On September 17,1787, the delegates to the Constitutional Convention finally signed the Constitution after months of deliberation. Two years later, on September 25, Congress approved the first twelve amendments to the document. The first ten became the Bill of Rights, with #1 often bandied about in the news and everyday conversation, too.
So, what are our First Amendment rights?
Most frequent answer: “Freedom of Speech.” But what else?
Writes the Freedom Forum’s Karen Hansen: “The five freedoms we celebrate on First Amendment Day protect the fundamental ways we participate in society and in democracy. They are:
- Praying and worship—or not—in accordance with our own beliefs.
- Speaking our minds, even and especially, when we disagree.
- Publishing news, opinions, ideas and information, including to hold those in power accountable.
- Gathering peacefully together to amplify our voices.
- Bringing problems to government representatives and suggesting solutions.”
And it has stood the test of time, even as the times keep changing.
Jan Neuharth, chair and chief executive office of the Freedom Forum, recently reported on a survey the organization conducted that asked 3,000 Americans how they feel about the First Amendment today. 94% of respondents across generations and the political spectrum said the First Amendment is “vital,” but also…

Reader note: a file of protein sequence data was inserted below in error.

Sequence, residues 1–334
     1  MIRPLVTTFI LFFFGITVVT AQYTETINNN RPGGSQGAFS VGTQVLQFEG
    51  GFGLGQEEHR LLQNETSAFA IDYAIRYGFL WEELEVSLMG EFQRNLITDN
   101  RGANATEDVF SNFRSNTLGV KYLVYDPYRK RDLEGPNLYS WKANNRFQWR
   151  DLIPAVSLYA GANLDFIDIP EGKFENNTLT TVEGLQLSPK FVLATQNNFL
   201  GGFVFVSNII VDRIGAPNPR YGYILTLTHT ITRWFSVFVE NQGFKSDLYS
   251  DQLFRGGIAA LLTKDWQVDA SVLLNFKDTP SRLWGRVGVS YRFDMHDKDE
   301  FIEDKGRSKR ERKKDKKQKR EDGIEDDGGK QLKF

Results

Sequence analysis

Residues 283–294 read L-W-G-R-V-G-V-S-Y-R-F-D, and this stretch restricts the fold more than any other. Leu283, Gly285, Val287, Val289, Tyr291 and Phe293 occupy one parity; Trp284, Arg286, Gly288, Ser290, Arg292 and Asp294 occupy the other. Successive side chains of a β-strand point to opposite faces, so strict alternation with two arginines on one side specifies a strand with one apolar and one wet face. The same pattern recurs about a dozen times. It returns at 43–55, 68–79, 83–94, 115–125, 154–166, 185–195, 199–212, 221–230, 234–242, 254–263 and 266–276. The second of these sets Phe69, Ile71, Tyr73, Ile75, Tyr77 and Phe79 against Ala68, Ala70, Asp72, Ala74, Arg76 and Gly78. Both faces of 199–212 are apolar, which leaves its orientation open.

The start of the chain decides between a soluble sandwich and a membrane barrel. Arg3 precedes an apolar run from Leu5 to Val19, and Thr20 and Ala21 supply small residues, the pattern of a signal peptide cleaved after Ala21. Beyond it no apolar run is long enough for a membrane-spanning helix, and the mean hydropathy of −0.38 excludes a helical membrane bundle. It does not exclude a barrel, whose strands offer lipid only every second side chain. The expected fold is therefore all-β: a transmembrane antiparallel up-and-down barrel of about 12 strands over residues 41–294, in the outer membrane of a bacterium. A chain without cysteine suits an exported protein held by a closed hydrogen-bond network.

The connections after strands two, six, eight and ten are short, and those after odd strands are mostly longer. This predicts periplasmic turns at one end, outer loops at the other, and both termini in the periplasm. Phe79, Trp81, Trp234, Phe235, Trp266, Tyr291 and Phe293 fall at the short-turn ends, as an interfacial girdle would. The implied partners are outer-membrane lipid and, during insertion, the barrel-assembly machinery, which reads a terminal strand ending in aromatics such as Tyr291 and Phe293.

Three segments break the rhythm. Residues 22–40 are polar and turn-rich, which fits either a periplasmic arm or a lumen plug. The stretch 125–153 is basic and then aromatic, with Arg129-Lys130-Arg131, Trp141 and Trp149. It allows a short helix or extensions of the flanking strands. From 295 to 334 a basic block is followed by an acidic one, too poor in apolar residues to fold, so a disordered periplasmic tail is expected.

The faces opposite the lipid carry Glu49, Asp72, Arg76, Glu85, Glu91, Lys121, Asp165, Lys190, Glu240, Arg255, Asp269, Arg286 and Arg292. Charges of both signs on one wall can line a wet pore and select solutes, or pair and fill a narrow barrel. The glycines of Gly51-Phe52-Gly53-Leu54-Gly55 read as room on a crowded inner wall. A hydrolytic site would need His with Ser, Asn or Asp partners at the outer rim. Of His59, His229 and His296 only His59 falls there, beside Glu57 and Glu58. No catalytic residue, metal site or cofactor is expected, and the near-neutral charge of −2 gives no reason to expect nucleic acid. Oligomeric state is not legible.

** More than 33% would give up free speech to get rid of hate speech. About 33% support unrestricted
** 69% say social media should be held responsible for allowing false/misleading information postings.
** 37% say business owners must fulfill customer requests that violate their religious beliefs.
** 60% say the news media should act as watchdogs on the powerful but just 14% trust journalists.
** 75% think government COVID mandates don’t violate the First Amendment, but 25% say they do.
** Despite countless protests, 69% have never participated in a protest, rally, or march.
** 73% have signed a petition but just 14% know it is one of our First Amendment freedoms.
And now comes this: The National Archives Records Administration has placed a “harmful content” on the Constitution, labeling it as “harmful or difficult to view,” and that includes both the Bill of Rights and the Declaration of Independence.
Layer that tidbit with the fact that, on the State of State Standards for Civics and U.S. History in 2021, Massachusetts came out with the only A, and it came with a minus sign.
Any surprise, then, that just 48% of recently surveyed college freshman say they’re optimistic about the United States…?